Thursday, 5 May 2011
NATURE CALLS....'86 BRISTOL MARATHON
I chose to avoid the masses and headed into the seclusion of Middleton Woods, within minutes of the hoards but into another world altogether. A world of natural beauty provided by the humble bluebell, so called but quite clearly are more of a lavender shade, which at this time of year provides a spectacular carpet of colour throughout these local woods.
The trek up through the woods was the highlight of Monday's recovery run after the Alex Park 5K. Tuesday it was back to the tarmac with an undulating 8 miler and yesterday it was back on the canal for more speedwork......6 x 1/2 mile. A return to Sunday's 5K pace. The traffic free towpath is dry and fast at the moment so provides a pretty good , time saving alternative to the track and mid week is fairly quiet but overall I think I prefer the safety and accuracy of the track.
1986.......looking back to this week 25 years ago
Ten weeks prior we were in Malta for the Malta Marathon (Feb.16). A frustrating 2:33.52 4th place effort, hampered by strong winds and irritating local cyclists. With 5 races in between, including a half marathon and a 30K (1:43.17, 2:25.20 pace) it was time for another weekend away for another 26.2 mile adventure. This time jouneying down to stay in Bath to compete in the BRISTOL MARATHON. As I would know no one in the race I had no idea how it would go in terms of position and judging by the terrain it wasn't going to be flat . But based on that Anglesey 30K a sub 2:30 looked like a logical target. I had to be positive.
By the end of Saturday night I was feeling anything but positive, however. We had gone down to the west country with friends and I recall sitting in a pub at 7 p.m. thinking that the food was fine and we should stay. But, no, it was decided that we should go into Bath and find somewhere "nicer". So we walked, and walked, and walked and walked. No where seemed to be just right. Meanwhile I was becoming more and more irritable as my pre-race meal was not happening! Finally, around 10 p.m. we sat down and ate. The red wine was good, I recall.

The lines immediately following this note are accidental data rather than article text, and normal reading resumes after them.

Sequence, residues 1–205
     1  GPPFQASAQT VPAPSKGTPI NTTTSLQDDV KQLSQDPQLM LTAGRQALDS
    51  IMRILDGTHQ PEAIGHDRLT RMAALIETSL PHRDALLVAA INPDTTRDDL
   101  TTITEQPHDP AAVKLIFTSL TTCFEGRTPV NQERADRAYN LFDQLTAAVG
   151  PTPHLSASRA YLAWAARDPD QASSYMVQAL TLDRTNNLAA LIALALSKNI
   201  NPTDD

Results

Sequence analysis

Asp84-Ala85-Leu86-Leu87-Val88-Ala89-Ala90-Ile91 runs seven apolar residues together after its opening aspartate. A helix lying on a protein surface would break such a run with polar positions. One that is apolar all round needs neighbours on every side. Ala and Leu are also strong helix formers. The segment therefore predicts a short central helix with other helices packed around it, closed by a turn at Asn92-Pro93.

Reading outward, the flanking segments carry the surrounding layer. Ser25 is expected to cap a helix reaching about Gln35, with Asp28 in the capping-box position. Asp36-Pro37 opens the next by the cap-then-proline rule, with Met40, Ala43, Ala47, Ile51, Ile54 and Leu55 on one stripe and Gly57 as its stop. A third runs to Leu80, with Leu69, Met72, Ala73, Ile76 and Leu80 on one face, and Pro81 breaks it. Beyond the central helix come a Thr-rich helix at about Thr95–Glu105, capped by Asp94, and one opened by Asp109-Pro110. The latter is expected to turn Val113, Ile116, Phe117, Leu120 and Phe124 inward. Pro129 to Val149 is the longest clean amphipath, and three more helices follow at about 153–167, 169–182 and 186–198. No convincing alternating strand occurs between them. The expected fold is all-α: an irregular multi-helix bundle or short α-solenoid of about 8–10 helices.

The race started on the Downs and I positioned myself on the front line ready to give it a go from the off. The gun went and a runner "shot out of the blocks" as if doing 100 metres. His running style however would hardly win any style marks but I immeditaely recognised it. Maurice Cowman, of Westbury Harriers, turned and said something along the lines of, "There's always one nutter going for glory, isn't there?"
I replied , "that's no nutter, that's Trevor Hawes and we won't be seeing much of him this morning!" I was right. Hawes ran away and never came back, winning in 2:22.35. Cowman had a go for him though and actually caught him at 14 miles before he pulled away again. Cowman recorded 2:23.43 for second. I pulled through as usual for 3rd in 2:28.25 passing veteran Ron Pannell who ran 2:29.35 at the age of 49. It had been another solo experience though, much the same as Malta.
For my efforts I won a "ghetto blaster" which I spotted in a local eletrical shop the following morning priced at £105. Probably the highest value price I ever won.